Like many African-Americans of his generation, Williams’ family was based in the south. His father was a sharecropper and Josh remembered working in the fields with him to pick cotton when he was seven years old.
Williams excelled as an athlete in high school before joining the Army which allowed him to escape from the Jim Crow laws of the South. After basic training in Southern California where he learned to march and drill, Williams applied to be a paratrooper but was barred because he was African- American. After serving in the Korean War, he enrolled at City College in San Francisco where he joined a fraternity and experimented with modifying the drills that he learned in the military. The college Dean told him to stop drilling and study more.
When Williams joined the ILWU in 1959 at the age of 26, union members were in the middle of a difficult struggle – transitioning away from the labor-intensive “break-bulk” loading process involving “gangs” of men who sometimes labored together for weeks on a vessel – and moved towards the new container technology that raised productivity and profits, while cutting turn times and the size of the workforce.
Williams and his co-workers who survived this transition found themselves able to win new contracts with dramatically better pay and benefits, but he and others were also inspired by the Civil Rights Movement that was sweeping the country.
In 1965, Williams invented a new kind of “drill team” that would blend union solidarity themes with military drills and some slick dance moves. The following year they showcased the Local 10 Drill Team’s unique style at a mass march down Market Street to honor Cesar Chavez and his newly organized farmworker campaign. In 1967, they performed when Dr. Martin Luther King, Jr., visited Local 10, and continued performing at social justice events both large and small – in the Bay Area and across the country – including massive anti-war protests, May Day demonstrations, parades, receptions and ceremonies of all kinds.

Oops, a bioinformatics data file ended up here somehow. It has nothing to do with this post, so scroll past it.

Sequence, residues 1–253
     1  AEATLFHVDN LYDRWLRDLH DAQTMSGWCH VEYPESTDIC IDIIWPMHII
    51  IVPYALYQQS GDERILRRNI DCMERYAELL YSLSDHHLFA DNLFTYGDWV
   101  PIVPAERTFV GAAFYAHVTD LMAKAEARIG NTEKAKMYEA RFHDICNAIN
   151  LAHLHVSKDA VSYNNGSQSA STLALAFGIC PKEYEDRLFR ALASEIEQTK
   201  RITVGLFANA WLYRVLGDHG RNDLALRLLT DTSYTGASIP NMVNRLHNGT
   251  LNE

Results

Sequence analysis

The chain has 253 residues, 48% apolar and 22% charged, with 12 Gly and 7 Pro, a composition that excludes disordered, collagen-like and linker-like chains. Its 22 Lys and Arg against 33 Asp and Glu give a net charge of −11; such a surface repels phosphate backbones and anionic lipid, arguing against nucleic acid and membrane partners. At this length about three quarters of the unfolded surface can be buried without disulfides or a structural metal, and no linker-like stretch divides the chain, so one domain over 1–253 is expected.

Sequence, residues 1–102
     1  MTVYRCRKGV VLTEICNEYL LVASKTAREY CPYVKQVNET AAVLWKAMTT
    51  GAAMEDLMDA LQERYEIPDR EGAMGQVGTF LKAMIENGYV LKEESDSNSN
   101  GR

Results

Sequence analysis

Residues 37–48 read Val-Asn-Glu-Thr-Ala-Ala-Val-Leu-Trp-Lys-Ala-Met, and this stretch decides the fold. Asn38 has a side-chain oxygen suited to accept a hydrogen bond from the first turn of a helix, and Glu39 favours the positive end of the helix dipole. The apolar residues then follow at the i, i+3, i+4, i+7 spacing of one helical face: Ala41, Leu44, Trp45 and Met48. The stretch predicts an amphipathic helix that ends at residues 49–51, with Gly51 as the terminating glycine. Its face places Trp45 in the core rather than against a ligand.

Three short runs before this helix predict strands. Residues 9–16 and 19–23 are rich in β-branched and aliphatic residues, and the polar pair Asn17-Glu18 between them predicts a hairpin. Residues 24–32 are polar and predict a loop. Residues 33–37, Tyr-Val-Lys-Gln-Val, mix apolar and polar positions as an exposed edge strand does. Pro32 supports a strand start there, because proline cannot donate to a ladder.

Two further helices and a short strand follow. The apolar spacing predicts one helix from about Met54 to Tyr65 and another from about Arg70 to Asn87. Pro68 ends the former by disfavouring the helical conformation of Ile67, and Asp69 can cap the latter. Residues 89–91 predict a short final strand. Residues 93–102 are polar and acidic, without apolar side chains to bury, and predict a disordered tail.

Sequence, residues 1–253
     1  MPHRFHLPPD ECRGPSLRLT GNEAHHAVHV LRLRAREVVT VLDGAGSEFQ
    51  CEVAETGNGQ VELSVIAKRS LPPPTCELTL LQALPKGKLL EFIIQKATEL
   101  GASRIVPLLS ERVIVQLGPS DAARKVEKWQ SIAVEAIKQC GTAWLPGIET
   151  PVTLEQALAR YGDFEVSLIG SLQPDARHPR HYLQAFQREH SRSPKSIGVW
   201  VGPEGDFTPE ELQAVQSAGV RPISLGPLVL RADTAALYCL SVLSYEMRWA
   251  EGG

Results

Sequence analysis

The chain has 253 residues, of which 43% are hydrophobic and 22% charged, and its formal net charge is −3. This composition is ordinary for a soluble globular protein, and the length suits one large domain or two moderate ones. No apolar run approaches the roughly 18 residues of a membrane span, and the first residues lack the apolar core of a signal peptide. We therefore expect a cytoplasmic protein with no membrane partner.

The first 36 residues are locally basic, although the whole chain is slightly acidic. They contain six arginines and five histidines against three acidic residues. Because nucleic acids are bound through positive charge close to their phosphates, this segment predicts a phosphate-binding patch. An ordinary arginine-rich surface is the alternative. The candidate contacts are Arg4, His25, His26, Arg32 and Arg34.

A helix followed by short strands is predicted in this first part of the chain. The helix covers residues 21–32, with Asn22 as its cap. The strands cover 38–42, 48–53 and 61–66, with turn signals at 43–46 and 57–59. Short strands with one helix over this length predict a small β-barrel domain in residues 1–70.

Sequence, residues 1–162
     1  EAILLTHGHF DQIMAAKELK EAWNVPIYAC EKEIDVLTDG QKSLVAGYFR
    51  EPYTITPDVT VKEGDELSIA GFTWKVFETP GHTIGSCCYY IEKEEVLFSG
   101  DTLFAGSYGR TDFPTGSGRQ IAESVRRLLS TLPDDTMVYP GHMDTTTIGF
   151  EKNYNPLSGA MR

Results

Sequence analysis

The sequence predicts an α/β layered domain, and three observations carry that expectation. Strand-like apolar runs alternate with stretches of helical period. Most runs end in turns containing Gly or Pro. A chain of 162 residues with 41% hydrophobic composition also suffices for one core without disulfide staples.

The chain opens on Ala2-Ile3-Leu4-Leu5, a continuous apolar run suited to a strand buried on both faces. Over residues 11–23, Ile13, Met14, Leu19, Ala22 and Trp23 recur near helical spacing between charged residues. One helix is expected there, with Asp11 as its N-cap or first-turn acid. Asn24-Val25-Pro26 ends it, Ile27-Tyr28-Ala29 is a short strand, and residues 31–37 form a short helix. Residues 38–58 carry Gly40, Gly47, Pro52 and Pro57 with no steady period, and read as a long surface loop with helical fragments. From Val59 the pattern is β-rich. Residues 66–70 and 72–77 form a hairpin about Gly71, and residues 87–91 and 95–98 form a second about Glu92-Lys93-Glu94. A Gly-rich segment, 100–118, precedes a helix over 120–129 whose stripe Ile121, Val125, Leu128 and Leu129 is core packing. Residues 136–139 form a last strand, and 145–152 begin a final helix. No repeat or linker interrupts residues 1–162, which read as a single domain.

A memorial service was held for Williams on June 15th at Duggan’s Serra Mortuary in Daily City. It was attended by approximately 100 family, friends and union brothers and sisters whose lives Josh has touched. The Local 10 Drill Team gave their general a final send off. Former drill team members from as far away as Los Angeles made the trip to say their final good byes to Josh. Following the service, a repast was hosted at the Local 10 Hall.
The ILWU International officers approved a $1,500 donation for the reception. Josh’s internment was held on June 22 at the Sacramento Valley National Cemetery.
An estimated 100 ILWU volunteers provided most of the labor and resources for a successful community clean-up effort in partnership with Oakland District 5 Councilmembers Noel Gallo on Saturday, May 14. The impressive turnout topped results from the previous clean-up efforts held last October.
“ILWU volunteers are such a welcome and important part of our community,” said City Councilmember Noel Gallo who represents a working-class district in East Oakland where illegal dumping has left residents with more than their share of discarded waste.
In addition to contributing their labor, the ILWU contributed a total of 9 pickup trucks that were used to haul waste to a city collection site. The ILWU also contributed funds to help pay for food, drinks and t-shirts, courtesy of Locals 6, 10, 34, 91 and the Inland Boatmen’s Union (IBU).
A team 18 volunteers from Local 10 were assigned to clean-up Oakland’s Animal Services facility that had become overgrown with weeds, foliage and refuse.
Another group of volunteers from Local 6 and 10 went to the Peralta Hacienda Historical Park where they painted a small bridge and cleaned-up a creek that was clogged with illegally-dumped waste.
“I came with my family because all of us wanted to contribute,” said Maria Vilma Reyes, a member of Local 6 who works at Recycle America/Waste Management.
Yet another team spread out on city streets to collect piles of old mattresses, abandoned furniture and waste of all kinds from sidewalks, street corners, and vacant lots.
A crew of 36 divided into 12 “pick-up” teams that loaded the refuse into their trucks and hauled to the collection center.